Rock Garden

When entering the Botanic Gardens, the first thing you see is the Rock Garden. At its highest point, it is approximately 12 metres above the level of the fort moat. In terms of its wealth of different species and surface area, it is one of Europe's largest rock gardens.

Construction started on it in 1963, on top of the fort bunkers. Of course, the height difference of these bunkers proved particularly advantageous. However, 2,100 tonnes of rock still needed to be brought in from the Ardennes to create and 'dress' the Rock Garden. Because the stones suffer from occasional subsidence or part of the Rock Garden may need to be replanted, additional blocks of rock are regularly needed.

Turfterrassen met Aardorchidee (Pleione spec.)
Opuntia humifusa in de Rotstuin
Chrysanthemum weyrichii in de Rotstuin
Overzicht van de Rotstuin
Het Alpinekasje bij de Rotstuin voor de meest kwestbare planten
Trillium pusillum, een van de 30 soorten Boslelies die op de Turfterrassen te vinden zijn.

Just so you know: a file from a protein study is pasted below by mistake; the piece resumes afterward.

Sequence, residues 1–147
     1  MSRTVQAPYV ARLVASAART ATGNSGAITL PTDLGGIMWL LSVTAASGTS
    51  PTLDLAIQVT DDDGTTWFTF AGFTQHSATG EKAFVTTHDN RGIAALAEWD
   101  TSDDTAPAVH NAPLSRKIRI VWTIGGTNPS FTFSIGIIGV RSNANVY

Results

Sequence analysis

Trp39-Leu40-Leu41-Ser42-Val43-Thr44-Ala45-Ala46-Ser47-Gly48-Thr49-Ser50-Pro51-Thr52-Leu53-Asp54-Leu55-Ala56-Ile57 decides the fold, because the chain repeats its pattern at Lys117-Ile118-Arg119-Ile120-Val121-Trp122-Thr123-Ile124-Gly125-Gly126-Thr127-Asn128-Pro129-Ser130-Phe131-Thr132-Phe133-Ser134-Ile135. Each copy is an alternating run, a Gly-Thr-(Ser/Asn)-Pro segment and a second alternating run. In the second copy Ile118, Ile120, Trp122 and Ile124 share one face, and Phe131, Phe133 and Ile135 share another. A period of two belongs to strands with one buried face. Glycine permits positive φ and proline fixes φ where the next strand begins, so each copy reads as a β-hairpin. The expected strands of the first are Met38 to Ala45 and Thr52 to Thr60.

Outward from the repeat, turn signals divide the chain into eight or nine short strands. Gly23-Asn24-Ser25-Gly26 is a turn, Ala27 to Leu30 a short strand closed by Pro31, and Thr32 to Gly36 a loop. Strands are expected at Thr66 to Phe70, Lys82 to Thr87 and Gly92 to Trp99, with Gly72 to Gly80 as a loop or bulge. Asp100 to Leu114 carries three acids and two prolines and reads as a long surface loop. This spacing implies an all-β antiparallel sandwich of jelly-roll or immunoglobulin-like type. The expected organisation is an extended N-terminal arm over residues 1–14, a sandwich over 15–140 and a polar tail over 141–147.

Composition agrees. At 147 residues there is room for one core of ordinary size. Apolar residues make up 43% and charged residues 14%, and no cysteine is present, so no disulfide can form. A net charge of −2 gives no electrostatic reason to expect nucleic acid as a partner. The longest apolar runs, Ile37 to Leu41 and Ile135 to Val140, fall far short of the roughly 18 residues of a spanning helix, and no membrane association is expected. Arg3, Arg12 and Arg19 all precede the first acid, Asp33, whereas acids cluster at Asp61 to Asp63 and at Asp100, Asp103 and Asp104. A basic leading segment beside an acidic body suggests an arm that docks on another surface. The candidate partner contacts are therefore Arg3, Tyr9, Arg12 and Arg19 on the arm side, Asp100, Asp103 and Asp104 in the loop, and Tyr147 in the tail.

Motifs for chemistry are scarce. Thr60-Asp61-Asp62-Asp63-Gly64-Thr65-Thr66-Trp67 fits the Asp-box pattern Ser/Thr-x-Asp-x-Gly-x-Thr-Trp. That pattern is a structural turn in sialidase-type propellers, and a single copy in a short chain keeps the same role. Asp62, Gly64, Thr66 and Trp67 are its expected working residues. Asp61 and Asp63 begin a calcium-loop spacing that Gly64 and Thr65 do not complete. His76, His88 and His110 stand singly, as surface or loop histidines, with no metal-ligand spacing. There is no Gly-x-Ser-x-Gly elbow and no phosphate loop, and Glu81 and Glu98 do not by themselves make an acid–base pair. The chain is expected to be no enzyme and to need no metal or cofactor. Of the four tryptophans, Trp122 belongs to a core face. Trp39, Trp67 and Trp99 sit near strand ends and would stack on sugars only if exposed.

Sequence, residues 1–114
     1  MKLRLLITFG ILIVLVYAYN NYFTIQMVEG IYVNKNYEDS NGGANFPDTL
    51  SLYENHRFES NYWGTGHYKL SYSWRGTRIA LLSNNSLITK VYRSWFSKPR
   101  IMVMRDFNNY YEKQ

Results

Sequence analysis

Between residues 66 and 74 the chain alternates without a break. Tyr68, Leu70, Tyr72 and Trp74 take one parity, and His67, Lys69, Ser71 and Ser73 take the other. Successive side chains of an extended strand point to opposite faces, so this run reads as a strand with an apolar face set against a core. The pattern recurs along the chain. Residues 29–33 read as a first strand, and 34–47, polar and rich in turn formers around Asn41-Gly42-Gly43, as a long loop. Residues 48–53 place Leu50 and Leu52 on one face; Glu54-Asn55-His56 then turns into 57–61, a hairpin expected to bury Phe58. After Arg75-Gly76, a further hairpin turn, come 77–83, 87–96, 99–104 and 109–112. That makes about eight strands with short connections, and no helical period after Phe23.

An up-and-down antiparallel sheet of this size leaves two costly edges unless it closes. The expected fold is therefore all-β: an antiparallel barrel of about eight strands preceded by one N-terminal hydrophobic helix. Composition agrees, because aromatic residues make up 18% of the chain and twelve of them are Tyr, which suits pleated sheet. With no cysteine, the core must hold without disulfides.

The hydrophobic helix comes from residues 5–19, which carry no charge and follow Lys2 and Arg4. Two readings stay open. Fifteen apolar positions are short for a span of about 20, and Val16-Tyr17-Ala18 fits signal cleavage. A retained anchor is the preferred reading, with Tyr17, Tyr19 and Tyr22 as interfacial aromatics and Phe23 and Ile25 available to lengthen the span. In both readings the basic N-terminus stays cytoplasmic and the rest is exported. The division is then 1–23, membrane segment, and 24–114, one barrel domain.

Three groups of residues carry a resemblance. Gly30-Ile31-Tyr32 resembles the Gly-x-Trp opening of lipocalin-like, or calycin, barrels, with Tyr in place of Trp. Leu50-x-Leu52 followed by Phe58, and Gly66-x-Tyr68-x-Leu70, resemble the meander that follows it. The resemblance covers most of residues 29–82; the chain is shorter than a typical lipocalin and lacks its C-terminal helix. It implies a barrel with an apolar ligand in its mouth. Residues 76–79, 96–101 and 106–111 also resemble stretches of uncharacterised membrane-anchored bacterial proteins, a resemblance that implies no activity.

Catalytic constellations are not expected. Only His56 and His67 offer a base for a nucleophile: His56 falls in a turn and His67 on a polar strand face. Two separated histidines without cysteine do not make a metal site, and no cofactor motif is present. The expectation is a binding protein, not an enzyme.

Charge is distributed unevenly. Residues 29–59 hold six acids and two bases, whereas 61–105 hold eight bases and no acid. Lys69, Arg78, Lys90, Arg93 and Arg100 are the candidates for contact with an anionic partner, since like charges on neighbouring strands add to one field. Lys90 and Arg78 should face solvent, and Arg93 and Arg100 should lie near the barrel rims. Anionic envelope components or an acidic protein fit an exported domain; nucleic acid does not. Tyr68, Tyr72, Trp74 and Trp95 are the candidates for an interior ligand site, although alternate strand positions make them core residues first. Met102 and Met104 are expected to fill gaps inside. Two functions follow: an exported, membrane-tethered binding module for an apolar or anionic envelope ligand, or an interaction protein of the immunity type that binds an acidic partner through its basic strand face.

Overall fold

What is there to see?

In the Rock Garden, there are various biotopes, or plant habitats. To the left of the path leading to the fort, there are mainly special cultured varieties, rock plants grown especially for their double flowers or special leaf colouring.

On the large rock section on the left-hand bunker of the fort, the slopes are dry and sunny. There is also a damp ditch bank with various primrose (Primula) species, as well as a genuine mountain brook complete with waterfall. To the right of the path, there are peat terraces. Here, there are mainly species that thrive on the acid and damp substrate found in mountain forests, such as Trillium and Epimedium.

One special part of the Rock Garden is the Atlantic Bog, a piece of the ancient Netherlands. The southern marsh orchid (Dactylorhiza praetermissa) flowers here and you can also find sundew (Drosera) and cotton grass (Eriophorum angustifolium).